Erysimum capitatum

Western Wallflower - Erysimum capitatum
Sawyers Peak Trail
Black Range
New Mexico, USA 

We found the Western Wallflower (a.k.a. Wallflower, Sanddune Wallflower, and Prairie Rocket), Erysimum capitatum, pictured here, along Sawyer Peak Trail in August of 2014.  The variety of common names reflects the wide range of this species.  This is probably E. c. purshii, but here I venture in to the netherworld of plant taxonomy, based on my experience, it is something I should avoid doing - especially when the taxonomy of a plant is unsettled as is the case here (there are 73 synonyms for this subspecies), including Cheirinia desertorum by Elmer Wooton, the New Mexican taxonomist.   E. c. purshii is found in the western United States (except Oregon and Washington) as well as Alaska and Yukon, Canada, south into Mexico (Chihuahua, Michoacán, Sonora, and Zacatecas).  It is found in a wide range of elevation, 3,000' to 11,500').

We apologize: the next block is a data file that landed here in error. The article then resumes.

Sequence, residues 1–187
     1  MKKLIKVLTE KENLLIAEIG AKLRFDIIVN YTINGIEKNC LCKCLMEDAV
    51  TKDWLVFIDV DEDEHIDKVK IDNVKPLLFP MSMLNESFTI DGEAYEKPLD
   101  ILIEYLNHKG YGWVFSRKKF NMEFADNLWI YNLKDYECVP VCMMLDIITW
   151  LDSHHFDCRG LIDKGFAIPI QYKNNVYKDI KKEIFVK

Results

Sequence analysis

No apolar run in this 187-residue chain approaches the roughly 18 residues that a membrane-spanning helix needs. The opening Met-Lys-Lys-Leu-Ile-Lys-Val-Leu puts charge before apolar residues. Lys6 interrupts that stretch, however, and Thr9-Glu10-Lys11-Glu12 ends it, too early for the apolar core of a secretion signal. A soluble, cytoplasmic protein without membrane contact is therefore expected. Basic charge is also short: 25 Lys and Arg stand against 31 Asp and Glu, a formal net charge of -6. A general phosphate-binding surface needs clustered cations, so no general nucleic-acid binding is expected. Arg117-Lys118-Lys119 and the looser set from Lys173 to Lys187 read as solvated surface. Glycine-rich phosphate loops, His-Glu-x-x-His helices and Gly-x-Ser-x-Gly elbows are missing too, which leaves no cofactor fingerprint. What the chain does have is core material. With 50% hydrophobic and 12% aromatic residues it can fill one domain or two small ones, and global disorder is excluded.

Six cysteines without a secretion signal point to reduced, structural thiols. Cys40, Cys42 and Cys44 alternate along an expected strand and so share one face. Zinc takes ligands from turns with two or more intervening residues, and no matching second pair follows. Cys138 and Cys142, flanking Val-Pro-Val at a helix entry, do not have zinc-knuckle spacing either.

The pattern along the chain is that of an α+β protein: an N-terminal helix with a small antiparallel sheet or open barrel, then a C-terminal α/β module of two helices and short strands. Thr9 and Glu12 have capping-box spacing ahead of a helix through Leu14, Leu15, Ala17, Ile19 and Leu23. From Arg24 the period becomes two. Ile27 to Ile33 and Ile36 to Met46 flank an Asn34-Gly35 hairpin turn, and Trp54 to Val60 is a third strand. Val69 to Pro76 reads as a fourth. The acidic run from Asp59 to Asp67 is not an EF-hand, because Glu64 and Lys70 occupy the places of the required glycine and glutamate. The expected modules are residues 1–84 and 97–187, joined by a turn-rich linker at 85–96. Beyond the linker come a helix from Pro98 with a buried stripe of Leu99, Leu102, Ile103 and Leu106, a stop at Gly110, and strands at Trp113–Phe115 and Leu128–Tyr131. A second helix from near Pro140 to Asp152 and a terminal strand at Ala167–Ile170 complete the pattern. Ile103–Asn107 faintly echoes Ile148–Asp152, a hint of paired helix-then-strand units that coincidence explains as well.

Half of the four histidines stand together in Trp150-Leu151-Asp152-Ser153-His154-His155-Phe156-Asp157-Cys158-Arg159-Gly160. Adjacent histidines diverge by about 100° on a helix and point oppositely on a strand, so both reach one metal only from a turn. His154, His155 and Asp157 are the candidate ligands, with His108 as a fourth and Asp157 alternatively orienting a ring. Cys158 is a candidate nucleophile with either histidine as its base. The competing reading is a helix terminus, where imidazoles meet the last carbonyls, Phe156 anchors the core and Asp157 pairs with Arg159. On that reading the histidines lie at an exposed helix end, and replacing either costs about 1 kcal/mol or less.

Russ Kleinman notes that “there is a noticeable gradation in flower color from more yellow to orange as one ascends in altitude.”

Ants are, apparently, the main pollinators of this species but there are significant numbers of other pollinators as well.

The Zuni used this plant in an external application for muscle aches.  

This species was first described by David Douglas.  Douglas, a Scottish botanist, is a legend in the Pacific Northwest of the United States where I have a lot of experience.  He made several significant collecting trips in the Pacific Northwest, as well as to Hawaii.  More than 80 plant species contain his name in recognition of his work, including the Douglas Fir.  His travels in North America are detailed in Journal Kept By David Douglas in North America 1823-1827


Carbonate Creek, Black Range, New Mexico, USA

Sawyers Peak Trail, Black Range, June 30, 2019
Photograph immediately above and two below

© Robert Barnes 2018-2023